ESSENTIALPRINCIPLES OF CAREER DEVELOPMENT
To actively and positively enjoy your career is the single largest step you can take toward your ultimate success and no exertion is too great to move you toward this indispensable condition.
But surely this advice is too idealistic for today's economic environment! Of course, I want a career I like, but with today's tight job market I have to be realistic and recognize that I face limited choices. I have to find a job I can do and that the marketplace values. Then, if I happen also to like the work, I can think of it as a stroke of luck. Besides, all I really want is job with big bucks. However, this entire analysis is exactly wrong.
It is true that the job market is much more competitive than in the past and it is going to remain so for the indefinite future. But that is exactly the point. A highly competitive job market demands more people who enjoy their work, not fewer. Because the market is more competitive, the standards of job performance are rising. To secure good employment, it is no longer sufficient to be just adequately competent; it is now necessary to have a special edge to your capabilities. How do you gain that extra degree of skill? Naturally, you study harder to better prepare yourself. But do you think you will be able to study long enough and effectively enough a subject you do not enjoy? Keep in mind that to achieve mere adequacy, the workload you will face can, in most cases, be brutal. Unless you can tap the energy that arises from enjoyment, you most likely will fail to achieve the effort necessary for distinction.
Your entire education will be wasted - academically, socially and psychologically - if you fail to satisfy the first priority of university life. You must enjoy your course of studies. You must enjoy most of your individual courses and you must revel in the mysteries of your core discipline, your chosen career. To say you enjoy your program means you find it interesting, fascinating, engrossing, challenging, stimulating, exciting and deeply satisfying. It does not mean you can merely tolerate your program; it does not mean you accept it as the least objectionable alternative. (Of course, there may be a few courses you merely tolerate).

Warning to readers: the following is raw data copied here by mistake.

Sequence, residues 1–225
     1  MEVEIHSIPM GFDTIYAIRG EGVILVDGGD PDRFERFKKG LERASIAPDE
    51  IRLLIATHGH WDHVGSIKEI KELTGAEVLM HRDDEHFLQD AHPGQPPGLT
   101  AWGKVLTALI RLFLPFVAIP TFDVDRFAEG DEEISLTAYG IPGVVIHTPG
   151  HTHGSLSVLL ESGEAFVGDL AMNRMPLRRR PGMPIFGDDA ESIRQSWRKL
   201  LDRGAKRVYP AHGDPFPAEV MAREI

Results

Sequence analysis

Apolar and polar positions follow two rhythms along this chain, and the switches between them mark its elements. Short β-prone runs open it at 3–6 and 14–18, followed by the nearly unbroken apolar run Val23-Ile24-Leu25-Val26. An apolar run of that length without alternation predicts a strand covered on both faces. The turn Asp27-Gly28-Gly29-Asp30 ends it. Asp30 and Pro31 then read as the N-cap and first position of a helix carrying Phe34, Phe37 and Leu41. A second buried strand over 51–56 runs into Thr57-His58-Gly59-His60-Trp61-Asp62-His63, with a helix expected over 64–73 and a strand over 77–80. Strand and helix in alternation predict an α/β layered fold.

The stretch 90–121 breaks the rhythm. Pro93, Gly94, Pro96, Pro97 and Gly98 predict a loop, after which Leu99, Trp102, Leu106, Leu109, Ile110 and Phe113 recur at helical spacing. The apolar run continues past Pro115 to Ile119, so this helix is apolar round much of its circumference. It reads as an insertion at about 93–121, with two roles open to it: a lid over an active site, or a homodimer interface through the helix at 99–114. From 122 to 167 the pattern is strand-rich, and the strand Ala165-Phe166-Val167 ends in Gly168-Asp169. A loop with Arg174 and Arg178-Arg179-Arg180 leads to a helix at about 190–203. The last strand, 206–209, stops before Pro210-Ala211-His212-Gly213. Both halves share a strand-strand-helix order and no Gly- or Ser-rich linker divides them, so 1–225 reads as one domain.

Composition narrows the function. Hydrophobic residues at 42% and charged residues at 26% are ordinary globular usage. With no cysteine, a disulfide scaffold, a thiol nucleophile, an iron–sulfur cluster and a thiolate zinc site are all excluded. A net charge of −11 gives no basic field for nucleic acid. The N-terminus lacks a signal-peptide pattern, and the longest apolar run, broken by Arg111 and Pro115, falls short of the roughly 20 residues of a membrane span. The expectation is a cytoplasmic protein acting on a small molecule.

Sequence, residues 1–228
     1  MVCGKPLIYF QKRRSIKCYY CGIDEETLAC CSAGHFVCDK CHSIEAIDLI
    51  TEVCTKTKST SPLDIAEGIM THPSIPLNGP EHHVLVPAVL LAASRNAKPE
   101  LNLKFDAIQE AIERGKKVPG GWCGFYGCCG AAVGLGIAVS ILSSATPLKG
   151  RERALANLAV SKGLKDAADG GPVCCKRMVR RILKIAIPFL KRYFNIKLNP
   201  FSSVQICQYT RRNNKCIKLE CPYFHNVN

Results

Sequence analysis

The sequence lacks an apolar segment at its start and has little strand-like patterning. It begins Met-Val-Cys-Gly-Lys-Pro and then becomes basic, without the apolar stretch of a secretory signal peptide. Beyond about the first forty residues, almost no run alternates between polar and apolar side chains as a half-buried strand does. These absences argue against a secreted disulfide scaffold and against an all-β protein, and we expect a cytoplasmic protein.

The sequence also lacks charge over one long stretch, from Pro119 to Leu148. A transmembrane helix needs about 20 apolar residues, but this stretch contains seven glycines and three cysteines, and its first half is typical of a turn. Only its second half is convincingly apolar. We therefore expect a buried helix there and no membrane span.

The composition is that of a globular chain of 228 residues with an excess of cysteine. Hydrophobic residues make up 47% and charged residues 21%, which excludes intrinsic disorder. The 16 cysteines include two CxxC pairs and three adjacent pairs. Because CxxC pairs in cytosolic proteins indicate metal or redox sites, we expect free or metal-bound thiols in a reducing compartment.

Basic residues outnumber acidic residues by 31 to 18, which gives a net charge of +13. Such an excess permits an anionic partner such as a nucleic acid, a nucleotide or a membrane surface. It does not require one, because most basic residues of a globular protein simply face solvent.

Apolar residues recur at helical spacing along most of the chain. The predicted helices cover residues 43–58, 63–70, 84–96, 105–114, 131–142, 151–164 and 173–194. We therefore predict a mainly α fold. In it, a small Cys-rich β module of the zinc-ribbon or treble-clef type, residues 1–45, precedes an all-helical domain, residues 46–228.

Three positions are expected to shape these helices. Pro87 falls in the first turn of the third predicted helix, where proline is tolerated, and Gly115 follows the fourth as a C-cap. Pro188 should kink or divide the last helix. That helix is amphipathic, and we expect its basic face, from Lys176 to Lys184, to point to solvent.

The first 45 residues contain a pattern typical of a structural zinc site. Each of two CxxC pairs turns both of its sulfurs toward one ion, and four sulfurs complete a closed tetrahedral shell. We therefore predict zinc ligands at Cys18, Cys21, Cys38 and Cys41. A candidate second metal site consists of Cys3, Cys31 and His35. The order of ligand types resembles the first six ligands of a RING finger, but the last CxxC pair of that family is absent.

Also, since your marks are based partly on a comparative ranking with your colleagues in the same discipline, do you really think you will be able to compete successfully with someone who reads their textbook for "fun"? Finally, all academic disciplines and careers involve important insights that are not susceptible to brute effort. On the contrary, these insights flow from the kind of intimate appreciation of which only the committed fan is capable. The hard fact is that unless you enjoy your course of studies, your ability to succeed in today's competitive job market is gravely weakened.
You read at least one book a week, one new magazine and talk to one new person. You select your courses across a wide range, whether or not they constitute a recommended program. You search for your passion methodically and aggressively. You find your dreams; your dreams do not find you.
Except for choosing a moral framework and a spouse, no decision is more important to your well being than deciding on your life's work. On this decision rests the freedom that comes with adequate financial means and the satisfaction that arises from work that is enjoyed. However, it is becoming steadily more difficult to identify the career that best meets an individual's interests and needs. Rapidly changing social and technological conditions mean that some careers become altered almost beyond recognition, that other careers that were thriving become dead-ends, and that new career choices are being created every day. Today's competitive marketplace tends to be unforgiving if a person makes a career mistake'. Therefore, in these circumstances in which there is great opportunity, much confusion and some risk, an individual cannot settle for anything less than the most complete analysis of any career choice, especially with regard to how future changes may affect it.